Course Early modern Danish collections – European object biographies in the making


Course leader: Lisbet Tarp

Language: English

Graduate school: Faculty of Arts

Course fee: 0.00 DKK

Status: Course is finished

Semester: Spring 2024

Application deadline: 17/04/2024

Cancellation deadline: 17/04/2024

Course type: Blended learning

Start date: 24/04/2024


All Students are placed on a waiting list until we reach the application deadline. We will contact you again after the deadline.

Registrating is binding

If your registration is finally confirmed, please note that your registration is binding and can only be cancelled due to certain circumstances (for instance illness).

Date: 24th of April 2024, 11.30-14.45

Place: Aarhus University, Langelandsgade 139, building 1580, room 249, 8000 Aarhus C

Lunch (vegetarian) is included when signing up.

The past several decades have witnessed an explosion of interest in the study of historical craftmanship and knowledge implicit in the process of making. Approaches to historical reconstructions, object biographies, collection history, how-to-manuals, and the meaning of materials have been revisited and thus stimulated interdisciplinary efforts in the field of early modern studies.

Based on studies of artefacts from Danish collections, archaeologist Victoria Lyder Tissot and art historian Michèle Seehafer will present examples from their research on preserved animals and European imitation lacquered objects.The presentations will be followed by a roundtable discussion to respond to both the presentations, a circulated draft by Tissot, and a methodological text. It is also the intention to share and discuss general issues, experiences, case studies, and questions in relation to working with early modern European culture.

The topics of discussion might include:

  • - Artistic work by aristocratic women
  • - Artefacts that display exotism or colonialism
  • - The challenges of writing object biographies (natural specimens and artefacts)
  • - The analytical approach to working with an artefact and its written sources
  • - How to describe and use knowledge obtained with methods like reconstructions, sensory experiences, and technical analysis in the studies
  • - How to work with early modern artefacts without a name of the maker, made by women or artefacts with uncertain origin that risk to be marginalized as research topics due to the methodological challenges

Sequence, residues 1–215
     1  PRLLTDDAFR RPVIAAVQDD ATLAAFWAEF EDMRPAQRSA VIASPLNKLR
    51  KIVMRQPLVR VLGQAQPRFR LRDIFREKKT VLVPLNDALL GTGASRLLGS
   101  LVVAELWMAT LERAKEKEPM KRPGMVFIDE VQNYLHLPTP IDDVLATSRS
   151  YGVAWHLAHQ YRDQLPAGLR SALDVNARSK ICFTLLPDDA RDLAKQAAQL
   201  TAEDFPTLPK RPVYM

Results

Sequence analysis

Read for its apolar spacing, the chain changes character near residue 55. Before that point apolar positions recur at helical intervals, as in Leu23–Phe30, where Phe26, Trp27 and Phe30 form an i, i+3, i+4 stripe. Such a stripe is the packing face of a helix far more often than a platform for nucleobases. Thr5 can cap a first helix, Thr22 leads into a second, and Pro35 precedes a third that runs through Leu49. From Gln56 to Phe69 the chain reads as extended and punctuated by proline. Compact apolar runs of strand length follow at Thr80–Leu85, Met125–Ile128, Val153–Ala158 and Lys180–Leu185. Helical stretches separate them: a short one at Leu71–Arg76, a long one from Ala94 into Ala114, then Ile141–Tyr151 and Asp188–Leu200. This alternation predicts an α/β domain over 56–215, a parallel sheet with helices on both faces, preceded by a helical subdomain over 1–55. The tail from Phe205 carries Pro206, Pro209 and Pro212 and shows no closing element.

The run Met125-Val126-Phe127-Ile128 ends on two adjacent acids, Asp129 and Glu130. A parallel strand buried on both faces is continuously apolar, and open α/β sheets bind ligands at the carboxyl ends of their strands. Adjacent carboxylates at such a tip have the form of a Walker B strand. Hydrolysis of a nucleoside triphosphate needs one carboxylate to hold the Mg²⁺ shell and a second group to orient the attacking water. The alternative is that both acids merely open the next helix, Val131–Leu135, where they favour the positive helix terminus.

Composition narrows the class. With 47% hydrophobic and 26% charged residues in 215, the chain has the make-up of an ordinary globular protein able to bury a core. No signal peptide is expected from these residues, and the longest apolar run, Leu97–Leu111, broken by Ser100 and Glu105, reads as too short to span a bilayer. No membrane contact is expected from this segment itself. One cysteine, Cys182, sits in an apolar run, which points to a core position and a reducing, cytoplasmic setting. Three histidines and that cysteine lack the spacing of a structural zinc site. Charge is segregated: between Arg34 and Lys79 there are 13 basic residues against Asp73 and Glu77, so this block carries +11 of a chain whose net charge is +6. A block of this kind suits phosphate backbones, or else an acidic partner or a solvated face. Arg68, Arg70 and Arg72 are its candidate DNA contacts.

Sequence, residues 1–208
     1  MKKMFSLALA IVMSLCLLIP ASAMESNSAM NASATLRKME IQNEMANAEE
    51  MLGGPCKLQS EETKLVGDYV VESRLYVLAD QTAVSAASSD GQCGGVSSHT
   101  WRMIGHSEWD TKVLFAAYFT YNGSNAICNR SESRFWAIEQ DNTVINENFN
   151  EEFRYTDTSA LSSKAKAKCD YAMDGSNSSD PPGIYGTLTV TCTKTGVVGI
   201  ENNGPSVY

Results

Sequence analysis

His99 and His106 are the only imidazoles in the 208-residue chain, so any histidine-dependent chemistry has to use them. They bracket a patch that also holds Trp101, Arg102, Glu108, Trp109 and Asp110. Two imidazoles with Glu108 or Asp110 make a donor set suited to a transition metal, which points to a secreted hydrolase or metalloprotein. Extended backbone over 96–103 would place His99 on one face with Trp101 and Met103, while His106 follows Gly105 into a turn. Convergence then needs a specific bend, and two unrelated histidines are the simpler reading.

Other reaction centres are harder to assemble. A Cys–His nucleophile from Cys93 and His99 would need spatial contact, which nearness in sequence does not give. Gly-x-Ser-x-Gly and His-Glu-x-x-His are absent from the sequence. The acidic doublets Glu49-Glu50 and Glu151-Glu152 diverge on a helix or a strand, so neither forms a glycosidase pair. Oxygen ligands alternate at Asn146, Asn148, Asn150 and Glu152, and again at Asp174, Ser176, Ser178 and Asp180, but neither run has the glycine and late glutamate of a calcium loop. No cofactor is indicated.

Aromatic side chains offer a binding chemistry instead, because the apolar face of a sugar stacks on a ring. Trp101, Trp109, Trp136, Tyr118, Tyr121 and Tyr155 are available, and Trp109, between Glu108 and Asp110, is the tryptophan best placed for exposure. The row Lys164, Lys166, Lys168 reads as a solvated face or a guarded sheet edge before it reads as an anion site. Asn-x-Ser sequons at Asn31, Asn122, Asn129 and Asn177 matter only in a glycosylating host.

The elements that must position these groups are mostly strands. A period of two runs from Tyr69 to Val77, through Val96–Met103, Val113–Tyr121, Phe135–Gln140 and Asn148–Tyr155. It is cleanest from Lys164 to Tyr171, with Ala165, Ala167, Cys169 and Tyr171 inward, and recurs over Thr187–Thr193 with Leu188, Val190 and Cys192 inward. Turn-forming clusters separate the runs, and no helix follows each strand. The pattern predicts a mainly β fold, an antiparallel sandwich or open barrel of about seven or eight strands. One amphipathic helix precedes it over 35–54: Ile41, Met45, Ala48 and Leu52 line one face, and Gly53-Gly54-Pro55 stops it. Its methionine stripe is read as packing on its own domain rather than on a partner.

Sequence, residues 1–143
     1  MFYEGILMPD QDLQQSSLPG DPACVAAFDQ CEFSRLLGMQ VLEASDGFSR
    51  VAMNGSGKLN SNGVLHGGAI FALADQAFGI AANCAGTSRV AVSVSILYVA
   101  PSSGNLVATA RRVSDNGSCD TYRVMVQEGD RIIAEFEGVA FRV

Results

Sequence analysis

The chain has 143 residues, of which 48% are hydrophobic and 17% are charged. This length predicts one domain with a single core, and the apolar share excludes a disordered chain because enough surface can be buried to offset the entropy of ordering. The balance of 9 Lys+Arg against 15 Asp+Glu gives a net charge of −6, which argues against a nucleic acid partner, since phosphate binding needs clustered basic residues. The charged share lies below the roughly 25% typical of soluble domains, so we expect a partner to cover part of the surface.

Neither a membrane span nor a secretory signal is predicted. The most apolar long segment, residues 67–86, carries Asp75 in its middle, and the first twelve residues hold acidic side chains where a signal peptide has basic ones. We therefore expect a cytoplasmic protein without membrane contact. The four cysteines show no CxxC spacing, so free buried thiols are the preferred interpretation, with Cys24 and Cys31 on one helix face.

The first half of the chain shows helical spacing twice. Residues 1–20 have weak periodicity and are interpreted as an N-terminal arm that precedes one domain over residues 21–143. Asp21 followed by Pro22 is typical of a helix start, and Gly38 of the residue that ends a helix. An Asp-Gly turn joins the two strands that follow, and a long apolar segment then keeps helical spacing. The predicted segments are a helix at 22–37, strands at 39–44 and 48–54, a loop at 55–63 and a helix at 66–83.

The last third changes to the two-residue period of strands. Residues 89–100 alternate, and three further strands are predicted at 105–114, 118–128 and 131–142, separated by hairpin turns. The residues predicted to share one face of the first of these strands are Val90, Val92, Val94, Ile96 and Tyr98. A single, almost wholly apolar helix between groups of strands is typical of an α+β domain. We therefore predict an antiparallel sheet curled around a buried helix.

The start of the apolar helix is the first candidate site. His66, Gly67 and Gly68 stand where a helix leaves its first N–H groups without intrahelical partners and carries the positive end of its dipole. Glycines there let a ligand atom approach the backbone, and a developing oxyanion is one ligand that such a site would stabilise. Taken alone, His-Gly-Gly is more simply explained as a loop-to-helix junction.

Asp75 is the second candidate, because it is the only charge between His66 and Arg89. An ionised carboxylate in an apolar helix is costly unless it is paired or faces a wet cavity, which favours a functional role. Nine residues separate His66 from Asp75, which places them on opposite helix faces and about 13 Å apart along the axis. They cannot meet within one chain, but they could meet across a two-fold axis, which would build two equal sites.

We are particularly interested in the attendance of historians and art historians to enrich the discussion on source criticism and artefact/text relations, but we encourage representatives from all disciplines to participate.


11.30-12.00 Lunch

12.00-12.10 Short presentation of the program and introduction

12.10-12.25 Short presentation of a few case studies and a dilemma by PhD fellow Victoria Lyder Tissot

12.25-12.35 A few follow-up questions

12.35-12.50 Short presentation of a few case studies and a dilemma by PhD and curator Michèle Seehafer

12.50-13.00 A few follow-up questions

13.00-13.40 Roundtable discussion: Response to presentations and the shared draft

13.40-14.00 Coffee/tea

14.00-14.45 Discussion of circulated research text and general discussion of working within the early modern field.

Victoria Lyder Tissot is PhD student at Aarhus University. She holds a BA and MA in archaeology. Her PhD project centers around preserved animals once exhibited in the Chamber of Natural Objects (Natural-kammeret) within the Royal Danish Kunstkammer during the period c. 1650-1825.

Michèle Seehafer is senior curator for European Art, 1350–1800 at Statens Museum for Kunst. She received her PhD degree in Art History from the University of Bern, has worked at the Swiss National Museum in Zurich and held research grants from the Rijksmuseum Amsterdam and Frederiksborg, Museum of National History.

Organisor: Lisbet Tarp, associate professor in Art History, Aarhus University.

The event is financed by the research programme HISTAC at Institute of Culture and Communication, Aarhus University. Website:

The aim of the seminar:

-    The possibility to engage in discussion of the presented case studies and methodological issues (early modern research field/material culture in a historical perspective)
-    Addressing general dilemmas and challenges in the field
-    Meet other junior and senior scholars working with the early modern material

Keywords: 1600-1825, Danish collections, artefacts, natural specimens, handicraft, reconstruction, preserved animals, inventories, object biographies, object agency, craftmanship, women, Dutch-Danish cultural exchange.

Course dates:

  • 24 April 2024 11:30 - 14:45